Even for such a clumsy Coalition it has been a desperate spectacle to watch as Enda Kenny and Co lost control of the political narrative surrounding new insolvency rules — and then blamed everyone else for their own incompetence.
Despite it being belated and leaving the banks with the whip hand, bringing some much needed debt relief for families struggling in mortgage misery should have been a boost for the Government — but, instead, it managed to turn it into a PR disaster.
Confusion reigned in government circles from Sunday when a newspaper leaked draft guidelines on how people seeking help with debt distress are to be treated, especially the incendiary clause: “Where a person is working and paying for childcare as a consequence of his or her employment, the cost of childcare should not exceed the income from the employment.”
Mr Kenny appeared to be in denial when questioned on the guidelines while out on the stump in the Meath East by-election campaign on Monday, insisting it would be “quite incredible” if banks forced people to give up their jobs in order to qualify for mortgage restructuring — as if the draft rules his Government created had nothing to do with him or his ministers.
Mr Kenny stuck to this political disassociation in the Dáil on Tuesday, telling TDs the guidelines “in no way determine that a person would have to give up work”.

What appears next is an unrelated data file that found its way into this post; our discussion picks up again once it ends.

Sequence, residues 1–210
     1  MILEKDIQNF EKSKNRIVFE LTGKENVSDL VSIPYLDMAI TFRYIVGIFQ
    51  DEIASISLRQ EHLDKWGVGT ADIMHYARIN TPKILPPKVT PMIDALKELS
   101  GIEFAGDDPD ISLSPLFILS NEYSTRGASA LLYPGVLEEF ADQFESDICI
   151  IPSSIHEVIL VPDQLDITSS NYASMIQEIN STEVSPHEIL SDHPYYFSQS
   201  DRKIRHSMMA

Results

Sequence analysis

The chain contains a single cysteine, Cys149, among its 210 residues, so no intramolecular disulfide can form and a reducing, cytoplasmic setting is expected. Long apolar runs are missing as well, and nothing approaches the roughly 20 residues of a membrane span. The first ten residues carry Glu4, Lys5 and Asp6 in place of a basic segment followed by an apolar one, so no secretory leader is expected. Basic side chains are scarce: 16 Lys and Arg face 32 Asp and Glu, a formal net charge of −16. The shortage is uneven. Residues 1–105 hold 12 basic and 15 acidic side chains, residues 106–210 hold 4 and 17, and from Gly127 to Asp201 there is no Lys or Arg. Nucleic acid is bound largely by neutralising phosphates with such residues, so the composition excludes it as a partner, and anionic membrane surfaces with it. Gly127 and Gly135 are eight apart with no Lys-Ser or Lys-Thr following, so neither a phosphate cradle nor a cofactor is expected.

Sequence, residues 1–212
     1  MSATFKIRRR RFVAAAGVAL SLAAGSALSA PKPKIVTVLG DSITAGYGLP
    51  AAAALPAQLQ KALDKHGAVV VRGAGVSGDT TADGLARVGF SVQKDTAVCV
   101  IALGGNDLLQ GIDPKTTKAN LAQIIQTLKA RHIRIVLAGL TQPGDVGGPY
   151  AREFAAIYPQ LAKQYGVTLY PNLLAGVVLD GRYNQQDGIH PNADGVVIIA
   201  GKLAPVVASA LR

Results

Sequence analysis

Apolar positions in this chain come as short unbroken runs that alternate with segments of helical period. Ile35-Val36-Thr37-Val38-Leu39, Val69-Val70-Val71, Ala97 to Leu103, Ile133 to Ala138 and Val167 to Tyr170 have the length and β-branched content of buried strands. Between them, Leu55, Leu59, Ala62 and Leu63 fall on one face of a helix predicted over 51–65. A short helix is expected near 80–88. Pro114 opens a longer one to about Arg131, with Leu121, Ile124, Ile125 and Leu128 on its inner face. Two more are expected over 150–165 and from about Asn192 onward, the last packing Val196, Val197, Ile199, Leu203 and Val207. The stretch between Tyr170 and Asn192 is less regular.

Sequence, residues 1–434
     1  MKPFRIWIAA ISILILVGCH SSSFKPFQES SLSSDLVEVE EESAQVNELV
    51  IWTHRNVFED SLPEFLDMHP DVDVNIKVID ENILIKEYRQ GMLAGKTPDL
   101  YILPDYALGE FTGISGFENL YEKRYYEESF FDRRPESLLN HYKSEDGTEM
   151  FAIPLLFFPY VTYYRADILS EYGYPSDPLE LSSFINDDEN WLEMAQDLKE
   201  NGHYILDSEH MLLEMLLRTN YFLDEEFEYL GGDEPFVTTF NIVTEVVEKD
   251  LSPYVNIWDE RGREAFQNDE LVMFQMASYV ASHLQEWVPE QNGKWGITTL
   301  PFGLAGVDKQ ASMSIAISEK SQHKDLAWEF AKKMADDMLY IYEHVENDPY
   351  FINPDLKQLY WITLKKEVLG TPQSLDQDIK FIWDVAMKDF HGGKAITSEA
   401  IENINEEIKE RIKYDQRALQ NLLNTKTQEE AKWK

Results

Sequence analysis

Unfortunately for the Taoiseach that claim flatly contradicted the guidelines, and what his Transport Minister Leo Varadkar was saying at the same time.
With a reputation for political bluffness, Mr Varadkar is that rarest of cabinet ministers in that he will usually endeavour to answer a question rather than revert to the Coalition default position of evasion.
Pressed on what the insolvency rules would mean in practice for women (as they are usually the lowest earners in a family unit despite equal pay legislation) who take home less than their child care costs, the minister made it clear such financial realities could not be ignored when assessing bids for debt writedowns.
While stating nobody would be made to give up their job, Mr Varadkar said if career women wanted mortgage help, childcare costs must come into play: “I know one or two women....who probably don’t make very much money at all from working, but they do it to keep their position on the career ladder, if you like, and that is a legitimate thing to do. But if you can’t pay your mortgage as a result, or buy your groceries as a result, then that is something that needs to be to be taken into account in any insolvency arrangement.”
His remarks were summed up in the Irish Examiner headline: “Varadkar: Women to choose career or mortgage” — and the story then exploded across late-night TV and morning radio.
At this point the Government finally realised how calamitously it had allowed the controversy to escalate and decided to do what all incompetent administrations do when they lose control — attack the messenger.
A weasely statement was issued in Mr Varadkar’s name which played a game of pedantic distraction that some broadcast media organisations initially fell for, as it stated: “The headline in the Irish Examiner today is not what I said. That is a headline, not a quote, and it doesn’t reflect my views.”